Eyeless tadpoles were also tested for associative color learning using the same protocol. In contrast to wild-type animals, those without eyes did not demonstrate any learning during the trial (Fig. 4Biii). Innate preferences for blue light were slightly elevated compared with those of wild-type animals, though not significantly different from those of controls. Following repeated training, eyeless animals continued to spend half of the time under each color light, with no significant color aversion at any time during the test (ANOVA, P=0.71). We conclude that although the tadpole contains some sensor of light outside of the eye that is able to trigger a movement very rapidly upon change in light levels, this sensor is not usable as input for true learning by the animal when interpreting wavelength-based cues. In addition to learning rates, we also analyzed each treatment to determine how successful individuals were at avoiding punishing halves of the arena during training periods. Over the course of all six training sessions, wild-type animals were punished only 3.9% of the time, indicating that they were proficient at avoiding red portions of the dish (Fig. 4C). In contrast, eyeless animals were punished 13.8% of the time, a fourfold increase above wild-type animals, signifying difficulty in distinguishing the areas in the dish that would result in a shock being delivered (ANOVA, P≤0.001). This combination, red light aversion during 70% or more of the test phase and rates of punishment below 10%, was never observed in eyeless animals and thus served as our criteria for light-mediated learning in subsequent trials.

Fig. 4.

Tadpoles can learn associative stimulus avoidance in an automated assay. Tadpoles were placed individually into the behavior apparatus, and the automated software executed a training cycle. Animals were first tested for red or blue light preference in the absence of shock, followed by a training period where animals receive a shock when occupying the red half of the arena. Following training, all animals received a 90 min rest period in blue light before being tested for red and blue color preference in the absence of shock. Training, rest and testing sessions were repeated a total of six times across the trial (A). Prior to training, wild-type tadpoles demonstrated no preference for either red or blue halves of the dish. However, following two training sessions, a significant red light aversion was generated (Bi). In contrast, animals subjected to the same experiment in the absence of shock did not demonstrate red light aversion during testing (Bii). Furthermore, animals with eyes surgically removed at stage 45 were unable to learn red light avoidance in the presence of shock (Biii). During the training periods, when tadpoles are punished for occupying red halves of the arena, wild-type animals spent significantly less time in punishing areas compared with eyeless tadpoles (C). Error bars indicate ±1 s.e.m.; N=33, 36 and 36, for wild type, no shock and no eyes, respectively; *P<0.05, repeated-measures ANOVA (B), Student's t-test (C).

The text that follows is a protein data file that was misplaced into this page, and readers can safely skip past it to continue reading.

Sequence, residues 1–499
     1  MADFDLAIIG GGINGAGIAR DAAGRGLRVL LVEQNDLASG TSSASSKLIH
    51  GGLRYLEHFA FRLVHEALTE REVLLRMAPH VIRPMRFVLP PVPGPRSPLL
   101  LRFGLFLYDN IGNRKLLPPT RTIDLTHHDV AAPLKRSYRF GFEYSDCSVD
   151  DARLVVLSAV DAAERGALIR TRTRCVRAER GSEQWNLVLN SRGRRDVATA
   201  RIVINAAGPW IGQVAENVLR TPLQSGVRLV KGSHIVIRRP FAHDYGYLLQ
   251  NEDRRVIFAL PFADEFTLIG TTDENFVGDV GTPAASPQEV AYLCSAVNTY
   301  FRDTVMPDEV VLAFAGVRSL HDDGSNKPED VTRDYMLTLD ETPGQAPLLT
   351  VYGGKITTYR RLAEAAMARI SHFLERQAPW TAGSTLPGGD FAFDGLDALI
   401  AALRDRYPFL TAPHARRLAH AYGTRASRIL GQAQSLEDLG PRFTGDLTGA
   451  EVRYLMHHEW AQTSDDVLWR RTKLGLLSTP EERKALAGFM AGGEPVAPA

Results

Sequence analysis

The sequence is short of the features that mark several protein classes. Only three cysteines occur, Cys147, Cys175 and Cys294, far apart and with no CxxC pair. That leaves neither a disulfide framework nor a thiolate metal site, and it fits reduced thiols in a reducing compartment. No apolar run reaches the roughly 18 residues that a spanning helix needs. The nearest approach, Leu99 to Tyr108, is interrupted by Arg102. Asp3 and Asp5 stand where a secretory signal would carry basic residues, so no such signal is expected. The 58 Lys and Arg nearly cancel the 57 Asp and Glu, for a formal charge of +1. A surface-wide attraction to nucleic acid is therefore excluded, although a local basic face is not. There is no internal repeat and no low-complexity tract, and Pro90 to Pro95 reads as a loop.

Fig. 4.

Tadpoles can learn associative stimulus avoidance in an automated assay. Tadpoles were placed individually into the behavior apparatus, and the automated software executed a training cycle. Animals were first tested for red or blue light preference in the absence of shock, followed by a training period where animals receive a shock when occupying the red half of the arena. Following training, all animals received a 90 min rest period in blue light before being tested for red and blue color preference in the absence of shock. Training, rest and testing sessions were repeated a total of six times across the trial (A). Prior to training, wild-type tadpoles demonstrated no preference for either red or blue halves of the dish. However, following two training sessions, a significant red light aversion was generated (Bi). In contrast, animals subjected to the same experiment in the absence of shock did not demonstrate red light aversion during testing (Bii). Furthermore, animals with eyes surgically removed at stage 45 were unable to learn red light avoidance in the presence of shock (Biii). During the training periods, when tadpoles are punished for occupying red halves of the arena, wild-type animals spent significantly less time in punishing areas compared with eyeless tadpoles (C). Error bars indicate ±1 s.e.m.; N=33, 36 and 36, for wild type, no shock and no eyes, respectively; *P<0.05, repeated-measures ANOVA (B), Student's t-test (C).

Learning requires innervation of the central nervous system